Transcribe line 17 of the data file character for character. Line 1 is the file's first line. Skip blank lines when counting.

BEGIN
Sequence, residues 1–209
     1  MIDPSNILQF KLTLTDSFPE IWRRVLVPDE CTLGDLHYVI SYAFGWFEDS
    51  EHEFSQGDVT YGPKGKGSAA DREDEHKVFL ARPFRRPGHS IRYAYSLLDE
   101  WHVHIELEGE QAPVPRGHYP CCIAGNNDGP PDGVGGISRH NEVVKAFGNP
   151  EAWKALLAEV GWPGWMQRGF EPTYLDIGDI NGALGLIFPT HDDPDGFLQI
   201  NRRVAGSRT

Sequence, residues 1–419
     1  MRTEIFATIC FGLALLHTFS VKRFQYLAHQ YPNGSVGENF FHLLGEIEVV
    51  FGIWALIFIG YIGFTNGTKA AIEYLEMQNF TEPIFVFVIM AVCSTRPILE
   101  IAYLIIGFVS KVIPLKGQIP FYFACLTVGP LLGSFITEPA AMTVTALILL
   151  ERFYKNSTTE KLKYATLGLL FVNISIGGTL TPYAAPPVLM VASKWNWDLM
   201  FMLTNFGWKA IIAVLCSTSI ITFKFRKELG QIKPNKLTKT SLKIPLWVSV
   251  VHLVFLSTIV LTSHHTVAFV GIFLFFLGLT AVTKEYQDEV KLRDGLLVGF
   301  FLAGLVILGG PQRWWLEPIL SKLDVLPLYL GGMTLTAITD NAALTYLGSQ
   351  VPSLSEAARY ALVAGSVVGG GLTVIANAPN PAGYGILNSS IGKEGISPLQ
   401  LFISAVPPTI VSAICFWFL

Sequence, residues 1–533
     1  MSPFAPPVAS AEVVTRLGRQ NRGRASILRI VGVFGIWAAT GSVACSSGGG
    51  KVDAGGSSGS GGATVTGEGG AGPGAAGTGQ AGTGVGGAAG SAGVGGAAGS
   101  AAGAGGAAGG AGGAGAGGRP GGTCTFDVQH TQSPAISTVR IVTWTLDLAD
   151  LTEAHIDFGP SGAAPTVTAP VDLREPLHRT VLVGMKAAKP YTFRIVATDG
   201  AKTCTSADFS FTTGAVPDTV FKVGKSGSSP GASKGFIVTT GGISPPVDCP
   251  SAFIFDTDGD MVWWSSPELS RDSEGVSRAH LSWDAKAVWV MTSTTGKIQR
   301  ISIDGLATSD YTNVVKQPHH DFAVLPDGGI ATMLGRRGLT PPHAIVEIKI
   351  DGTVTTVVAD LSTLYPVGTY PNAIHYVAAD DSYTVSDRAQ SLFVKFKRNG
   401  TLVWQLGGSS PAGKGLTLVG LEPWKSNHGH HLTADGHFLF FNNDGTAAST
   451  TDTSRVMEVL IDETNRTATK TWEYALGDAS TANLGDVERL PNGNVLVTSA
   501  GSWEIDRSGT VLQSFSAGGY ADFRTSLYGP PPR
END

Sequence, residues 1–533